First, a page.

Monday, March 01, 2004

When is civil disobedience not disobedience?

If asked, the civil rights protesters of the 60’s would probably have conceded that they were breaking US law by (say) sitting at a whites-only lunch counter. The California gay marriage advocates, lead by SF Mayor Gavin Newsom on the other hand, have a reasonably solid case that the law they are flouting is unconstitutional (with respect to the California state constitution). Are they any different, or is a false distinction being made?

If you believe that the California proposition defining marriage as between a man and a woman is constitutional the answer is clear: Newsom is breaking the law and is therefore wrong. On the other hand, if you believe that the proposition is unconstitutional (as does Gavin) is it still wrong to flout it? I think most liberals would probably say yes. I disagree.

The question comes in two parts: Is it legal to flout the law and is it right? As for whether it is the right thing to do, it depends on how urgent you think gay marriage is. I don’t think anybody believes that the freedom riders who helped the civil rights movement were in the wrong, but you must certainly draw the line somewhere. In this case, that question must be answered by each person individually. As for myself, I think it was a brilliant political strategy for bringing the issue to the fore.

Legally, if the prop is found to be unconstitutional then Gavin Newsom gets out scot-free; no sanction is placed on him by the courts or any legal body. This leads us to the de-facto answer: If you accept that the proposition is unconstitutional, then Gavin is accused and stands trial, but is never actually found guilty of anything. To me, that means he didn’t do anything illegal in the first place.

This may not sit well with many people. If you have authoritarian impulses like me, you’ll instantly imagine horrible scenes of armed mayors roaming the streets, legalizing and illegalizing things at will. “Surely” we think, “it must be better or more legal to enforce the proposition and have the court to tell us it is unconstitutional”. Yet believing this leads us to contradiction: If Newsom is sued in his capacity as mayor by a gay man, found guilty and ordered to issue gay marriage licenses, Newsom is "better or more legal"; if Newsom is sued by the state, and found not guilty and allowed to keep on doing what he’s doing, Newsom is acting less legally. This seems so silly as to be wrong on its face.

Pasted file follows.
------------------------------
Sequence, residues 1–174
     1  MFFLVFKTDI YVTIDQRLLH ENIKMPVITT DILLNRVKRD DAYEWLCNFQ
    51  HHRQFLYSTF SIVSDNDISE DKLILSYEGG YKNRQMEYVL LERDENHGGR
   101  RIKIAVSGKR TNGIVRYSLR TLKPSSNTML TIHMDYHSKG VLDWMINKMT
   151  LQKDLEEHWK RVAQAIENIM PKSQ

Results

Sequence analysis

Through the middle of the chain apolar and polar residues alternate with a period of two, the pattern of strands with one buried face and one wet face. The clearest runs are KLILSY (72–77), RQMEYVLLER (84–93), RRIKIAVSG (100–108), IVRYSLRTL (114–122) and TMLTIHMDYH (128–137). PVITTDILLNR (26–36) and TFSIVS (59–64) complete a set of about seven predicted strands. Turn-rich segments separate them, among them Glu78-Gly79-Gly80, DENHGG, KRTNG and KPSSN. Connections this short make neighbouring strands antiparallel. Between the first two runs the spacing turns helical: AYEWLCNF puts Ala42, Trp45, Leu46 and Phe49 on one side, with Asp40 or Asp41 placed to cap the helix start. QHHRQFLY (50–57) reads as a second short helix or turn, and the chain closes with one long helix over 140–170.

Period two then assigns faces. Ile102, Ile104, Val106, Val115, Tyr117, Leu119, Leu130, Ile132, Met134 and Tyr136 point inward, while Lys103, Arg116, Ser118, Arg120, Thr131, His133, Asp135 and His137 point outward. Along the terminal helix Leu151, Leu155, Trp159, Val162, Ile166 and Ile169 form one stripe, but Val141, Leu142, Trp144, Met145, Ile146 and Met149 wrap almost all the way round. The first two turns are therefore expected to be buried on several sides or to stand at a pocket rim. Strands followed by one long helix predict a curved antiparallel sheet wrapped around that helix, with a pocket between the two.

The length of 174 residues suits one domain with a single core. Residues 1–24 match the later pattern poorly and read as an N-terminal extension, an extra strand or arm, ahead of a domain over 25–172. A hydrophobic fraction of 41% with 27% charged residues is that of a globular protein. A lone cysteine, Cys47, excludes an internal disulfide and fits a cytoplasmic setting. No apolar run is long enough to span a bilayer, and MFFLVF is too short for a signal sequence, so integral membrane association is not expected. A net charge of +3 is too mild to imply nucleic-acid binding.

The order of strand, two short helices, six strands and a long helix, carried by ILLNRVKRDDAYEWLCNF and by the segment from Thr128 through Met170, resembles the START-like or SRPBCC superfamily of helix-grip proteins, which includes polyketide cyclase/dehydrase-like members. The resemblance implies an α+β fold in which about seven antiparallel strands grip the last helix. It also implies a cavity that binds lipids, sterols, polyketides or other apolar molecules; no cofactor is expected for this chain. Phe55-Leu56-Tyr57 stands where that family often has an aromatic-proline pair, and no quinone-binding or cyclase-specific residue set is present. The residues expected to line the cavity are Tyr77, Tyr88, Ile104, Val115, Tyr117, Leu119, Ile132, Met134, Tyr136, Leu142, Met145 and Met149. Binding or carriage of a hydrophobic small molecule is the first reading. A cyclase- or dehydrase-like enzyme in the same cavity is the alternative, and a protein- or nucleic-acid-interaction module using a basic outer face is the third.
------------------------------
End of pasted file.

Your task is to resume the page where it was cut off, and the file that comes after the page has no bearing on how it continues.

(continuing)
In a metaphysical sense, it might be nice to believe that Newsom committed a crime, but by the magic of the California Supreme Court an enchanted spell can be cast back through time making Newsom’s actions legal, ex post facto. This is not very satisfying because one would imagine that if the court finds that a law is unconstitutional, that it was really unconstitutional the whole time. It’s not like their logic worked on Tuesday when they made the ruling but not the Monday before. I like to think that judges don’t make laws unconstitutional, they find laws unconstitutional. I like to think that judges don’t “make” the law anything: They just explain it.

Laws have to be interpreted by mayors and executives all the time. Every new law has to be interpreted by mayor’ without any input from the judiciary. When a constitutional amendment is passed, many laws that are clearly unconstitutional stop getting enforced because prosecutions are sure to fail. Interpreting happens all the time. I guess the only way to find out if an interpretation is legal or not, is to take it to court.

Update: It seems that the proposition is in fact a constitutional amendment, therefore the argument here does not apply. It argument is still sound assuming the prop is a law.

Note: There seems to be trouble with the comments section. click "edit entries" for a shot at reading them


Post a Comment